1. You will need lukewarm water, active (fast-acting) dry yeast, salt, sugar, buttermilk, egg, oil, and all-purpose flour for the dough itself.
  2. For the cinnamon filling , you’ll need softened butter or margarine, light brown sugar, ground cinnamon, and cornstarch.
  3. Put the warm water in the bowl and add a little yeast.
    1. Add the sugar to the bowl. Remove everything and let it rest. You can work on other steps while it is resting.
  4. Measure the oil, egg, and buttermilk into a separate bowl.

    1. PS The buttermilk will add moisture to your cinnamon rolls . Beat everything until smooth.
  5. If the yeast mixture starts to bubble and foam, it’s time to add this mixture to the yeast. Also mix the rest of the sugar and salt.
  6. Pour in half of the flour and mix it. Mix in the rest of the flour little by little.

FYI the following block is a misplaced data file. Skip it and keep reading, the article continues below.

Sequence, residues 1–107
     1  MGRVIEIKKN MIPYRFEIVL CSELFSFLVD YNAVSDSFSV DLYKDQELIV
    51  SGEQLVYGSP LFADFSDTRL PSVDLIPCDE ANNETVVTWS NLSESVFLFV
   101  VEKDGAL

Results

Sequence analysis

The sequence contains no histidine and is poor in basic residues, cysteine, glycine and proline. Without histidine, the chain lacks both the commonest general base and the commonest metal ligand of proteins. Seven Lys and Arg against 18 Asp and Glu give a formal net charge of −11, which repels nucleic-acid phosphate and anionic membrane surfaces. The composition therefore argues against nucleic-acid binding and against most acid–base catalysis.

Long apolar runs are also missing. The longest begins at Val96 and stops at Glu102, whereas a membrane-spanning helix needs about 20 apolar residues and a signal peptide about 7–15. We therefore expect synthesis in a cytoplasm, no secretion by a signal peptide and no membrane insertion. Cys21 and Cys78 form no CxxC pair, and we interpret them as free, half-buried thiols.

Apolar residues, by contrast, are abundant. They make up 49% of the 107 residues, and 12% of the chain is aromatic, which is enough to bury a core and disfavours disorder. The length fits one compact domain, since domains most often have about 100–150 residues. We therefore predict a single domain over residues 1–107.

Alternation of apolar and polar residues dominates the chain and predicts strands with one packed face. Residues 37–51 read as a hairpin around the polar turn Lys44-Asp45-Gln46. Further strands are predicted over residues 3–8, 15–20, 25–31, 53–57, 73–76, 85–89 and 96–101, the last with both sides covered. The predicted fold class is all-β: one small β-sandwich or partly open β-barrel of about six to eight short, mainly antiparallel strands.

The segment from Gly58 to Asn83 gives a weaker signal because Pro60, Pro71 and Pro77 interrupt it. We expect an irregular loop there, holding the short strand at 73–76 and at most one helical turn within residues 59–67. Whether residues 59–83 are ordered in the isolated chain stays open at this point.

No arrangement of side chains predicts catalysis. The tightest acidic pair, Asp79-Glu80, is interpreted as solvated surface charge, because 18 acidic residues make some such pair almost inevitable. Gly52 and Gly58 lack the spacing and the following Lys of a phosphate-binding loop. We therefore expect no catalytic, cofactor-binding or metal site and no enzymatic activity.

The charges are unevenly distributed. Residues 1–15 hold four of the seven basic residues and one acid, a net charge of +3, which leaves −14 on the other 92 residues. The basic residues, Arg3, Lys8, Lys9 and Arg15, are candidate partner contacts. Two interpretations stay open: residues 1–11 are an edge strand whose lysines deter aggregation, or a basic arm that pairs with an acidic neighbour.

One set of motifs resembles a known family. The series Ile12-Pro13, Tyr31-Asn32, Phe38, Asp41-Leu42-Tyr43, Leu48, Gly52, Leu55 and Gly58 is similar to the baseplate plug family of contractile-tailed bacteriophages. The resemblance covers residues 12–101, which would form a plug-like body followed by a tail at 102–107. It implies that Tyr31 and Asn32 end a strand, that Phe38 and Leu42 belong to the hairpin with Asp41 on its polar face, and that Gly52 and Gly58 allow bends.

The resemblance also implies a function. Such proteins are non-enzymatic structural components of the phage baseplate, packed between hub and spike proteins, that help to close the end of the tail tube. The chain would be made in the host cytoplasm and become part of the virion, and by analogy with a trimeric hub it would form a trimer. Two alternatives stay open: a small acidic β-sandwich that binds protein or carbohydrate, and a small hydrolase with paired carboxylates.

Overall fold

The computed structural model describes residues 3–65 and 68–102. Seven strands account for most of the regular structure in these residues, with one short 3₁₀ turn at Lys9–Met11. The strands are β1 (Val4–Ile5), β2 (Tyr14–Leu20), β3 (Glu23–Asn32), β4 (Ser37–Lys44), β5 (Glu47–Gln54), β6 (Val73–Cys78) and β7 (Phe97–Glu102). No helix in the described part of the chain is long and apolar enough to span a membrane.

7. Next, knead the mixture for about 5 minutes.
  8. Cover the dough and let it rise for 1 to 2 hours.
  9. Prepare the cinnamon mixture.
  10. Line a pan with parchment paper or grease a baking sheet and prepare to roll out the cinnamon rolls.
  11. Roll out the dough into a rectangle and cover it with softened margarine. Sprinkle the cinnamon mixture over the dough.
  12. Roll the dough lengthwise.
  13. Cut it into 5cm slices and place it on your tray, leaving 5cm between the rolls. 
  14. Cover and let the buns rise for another hour or two.
  15. Bake at 350 degrees for 17-20 minutes or until the top is just starting to brown.

Preparing your cinnamon rolls can take a long time . But trust us, it’s well worth the time it takes. This recipe is not the only one you can follow. There are alternatives and some of them do not require as much fermentation time as others.

You can search and find the recipe that you like best or that you think works best for you compared to others. We just wanted to give you a basic example of the ingredients and process to try and get to the bottom of what can make your cinnamon rolls dry.